That was July 2001 through January 2002. For the first time my fears and my demons were not only heard, but they were held in mind whilst solutions – all of which I had to reach – were found and embraced. But this was not without many tears and setbacks as the journey to Mental Wealth began.

It worked. It lasted. Healthy coping mechanisms were adopted, psychiatry pushed to one side, a degree obtained, the loss of one of the few who gave unconditional love even whilst in my darkest of times, the birth of a child occurred, a divorce happened, a house move and more – all whilst maintaining that wealth.

But as is so often the case with these things, life had other ideas. In May of this year (2018) I was raped twice within six days by a so-called friend of over three years. He had methodically taken time to manipulate, use and lure me into a false sense of safety and trust. He had obtained power to know my buttons, how to push them and ultimately use them against me. I did the right thing and reported it to the police, but as all of this was going on the Mental Wealth I had gained rapidly disintegrated back to the crumbs and fragmented shell which the CRU had provided the skills and self-awareness to enable me to build back up.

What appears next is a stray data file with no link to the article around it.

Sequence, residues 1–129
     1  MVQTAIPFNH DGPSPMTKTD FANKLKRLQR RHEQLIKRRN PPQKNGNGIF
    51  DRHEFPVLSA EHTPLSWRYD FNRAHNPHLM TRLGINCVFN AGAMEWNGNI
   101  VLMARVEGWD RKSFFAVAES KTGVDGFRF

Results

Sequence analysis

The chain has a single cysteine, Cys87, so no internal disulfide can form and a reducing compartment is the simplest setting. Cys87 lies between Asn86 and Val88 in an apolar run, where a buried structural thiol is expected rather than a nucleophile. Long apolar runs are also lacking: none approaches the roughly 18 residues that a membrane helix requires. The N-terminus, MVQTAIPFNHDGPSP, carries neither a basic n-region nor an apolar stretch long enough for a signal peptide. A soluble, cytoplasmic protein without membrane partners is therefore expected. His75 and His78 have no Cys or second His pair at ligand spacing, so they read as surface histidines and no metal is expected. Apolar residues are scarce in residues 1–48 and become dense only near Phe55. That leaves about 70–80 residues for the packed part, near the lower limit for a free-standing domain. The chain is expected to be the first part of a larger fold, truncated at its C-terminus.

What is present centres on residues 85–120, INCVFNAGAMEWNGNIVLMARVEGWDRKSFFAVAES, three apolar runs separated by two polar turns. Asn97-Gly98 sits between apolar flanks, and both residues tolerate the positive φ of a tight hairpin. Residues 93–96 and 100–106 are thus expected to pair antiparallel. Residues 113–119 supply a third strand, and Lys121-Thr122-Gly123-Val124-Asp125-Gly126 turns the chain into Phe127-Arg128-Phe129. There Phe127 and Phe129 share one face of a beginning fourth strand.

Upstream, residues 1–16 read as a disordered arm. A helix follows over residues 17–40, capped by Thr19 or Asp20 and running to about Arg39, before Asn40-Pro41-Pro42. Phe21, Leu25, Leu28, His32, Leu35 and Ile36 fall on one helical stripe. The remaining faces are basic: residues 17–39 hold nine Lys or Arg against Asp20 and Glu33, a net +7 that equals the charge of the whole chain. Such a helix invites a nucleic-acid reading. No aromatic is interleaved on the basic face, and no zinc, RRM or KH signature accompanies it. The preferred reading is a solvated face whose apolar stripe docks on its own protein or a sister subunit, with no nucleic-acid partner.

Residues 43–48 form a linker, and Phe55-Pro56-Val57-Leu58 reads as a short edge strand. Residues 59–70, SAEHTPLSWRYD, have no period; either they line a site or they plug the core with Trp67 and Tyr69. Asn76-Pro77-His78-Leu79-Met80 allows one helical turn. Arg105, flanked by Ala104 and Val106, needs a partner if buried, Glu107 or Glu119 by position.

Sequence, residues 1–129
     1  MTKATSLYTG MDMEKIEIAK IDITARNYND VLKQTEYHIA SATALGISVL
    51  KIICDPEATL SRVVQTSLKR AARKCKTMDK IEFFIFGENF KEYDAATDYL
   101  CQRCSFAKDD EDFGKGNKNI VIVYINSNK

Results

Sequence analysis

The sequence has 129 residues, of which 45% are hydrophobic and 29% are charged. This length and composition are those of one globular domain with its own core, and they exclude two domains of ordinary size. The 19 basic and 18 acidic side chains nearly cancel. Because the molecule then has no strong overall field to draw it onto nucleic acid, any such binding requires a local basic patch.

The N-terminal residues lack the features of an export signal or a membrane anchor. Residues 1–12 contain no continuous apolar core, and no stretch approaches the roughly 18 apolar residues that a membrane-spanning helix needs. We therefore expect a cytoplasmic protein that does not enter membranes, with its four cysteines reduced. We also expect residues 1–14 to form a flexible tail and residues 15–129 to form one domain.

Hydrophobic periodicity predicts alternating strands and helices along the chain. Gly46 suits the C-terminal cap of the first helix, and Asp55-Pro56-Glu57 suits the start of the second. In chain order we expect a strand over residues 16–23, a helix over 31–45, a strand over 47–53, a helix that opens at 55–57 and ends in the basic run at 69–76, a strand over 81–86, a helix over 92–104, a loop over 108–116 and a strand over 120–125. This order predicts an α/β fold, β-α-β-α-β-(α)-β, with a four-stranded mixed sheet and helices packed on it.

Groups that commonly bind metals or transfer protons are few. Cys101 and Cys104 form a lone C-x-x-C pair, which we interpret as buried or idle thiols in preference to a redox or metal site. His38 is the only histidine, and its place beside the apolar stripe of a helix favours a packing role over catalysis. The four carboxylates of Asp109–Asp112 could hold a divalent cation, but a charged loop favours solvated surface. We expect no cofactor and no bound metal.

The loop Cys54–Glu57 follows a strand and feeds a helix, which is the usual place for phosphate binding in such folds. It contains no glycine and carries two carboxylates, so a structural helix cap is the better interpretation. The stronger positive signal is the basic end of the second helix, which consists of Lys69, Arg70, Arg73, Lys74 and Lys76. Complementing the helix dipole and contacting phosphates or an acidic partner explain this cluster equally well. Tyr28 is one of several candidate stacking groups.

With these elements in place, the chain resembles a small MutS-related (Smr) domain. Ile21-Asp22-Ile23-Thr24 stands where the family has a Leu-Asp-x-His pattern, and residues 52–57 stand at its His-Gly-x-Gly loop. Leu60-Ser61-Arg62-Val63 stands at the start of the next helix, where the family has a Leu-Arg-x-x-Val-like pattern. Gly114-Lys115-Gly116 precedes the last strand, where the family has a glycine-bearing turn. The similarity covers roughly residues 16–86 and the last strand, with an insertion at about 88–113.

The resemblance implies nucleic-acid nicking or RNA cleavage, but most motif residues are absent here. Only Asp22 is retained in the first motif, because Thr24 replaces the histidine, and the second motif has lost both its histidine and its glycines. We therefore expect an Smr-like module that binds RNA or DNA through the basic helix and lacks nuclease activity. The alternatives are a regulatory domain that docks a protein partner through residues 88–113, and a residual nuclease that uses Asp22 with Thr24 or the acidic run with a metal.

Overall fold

Sanity fell. It fell like stale about-to-go-green-and-mouldy bread fed to ducks by children at the park. Any healthy ways to express emotion failed, and thirteen and a bit years of freedom and stability were lost. After caving in to self-destructions, and a psychiatric hospital stay, it is safe to say Mental Wealth was well and truly lost to the sink hole of life. Full blown Mental Illness had returned.

Last week the police informed me that they are unable to take the case forward to court due to lack of witnesses and/or CCTV, but who actually has these things when it comes to rape? A felt a sense of abandonment from the very agency which claims it is there to help and support, urging those who survive not to be silenced but with the emergence of the “Me Too” campaign to find their voice and speak their truth. I spoke mine, yet I am the one living with additional physical scars to layer on top of the mental and emotional ones he left as his legacy, whilst he walks the street continuing to spend his days oblivious to the damage and detrimental impact his actions have left behind.

In a vague attempt to self-soothe, self-manage – and self-sabotage if truth be known – self-injury has occurred once more, medical treatment obtained. The urges remain. The self-love for now is, temporarily I hope, on a shelf. I am trying to regain my grasp on it but it is hard. It is going to be a long journey to reclaim all I had.

If I know one thing it is that once this storm passes a butterfly will re-emerge. But it is hard to keep attuned to that vision when even as I write this I am in physical discomfort and pain following an episode of self-injury earlier this week which left my leg a mess. And I am mentally reliving all that he did those two days when he stole so much.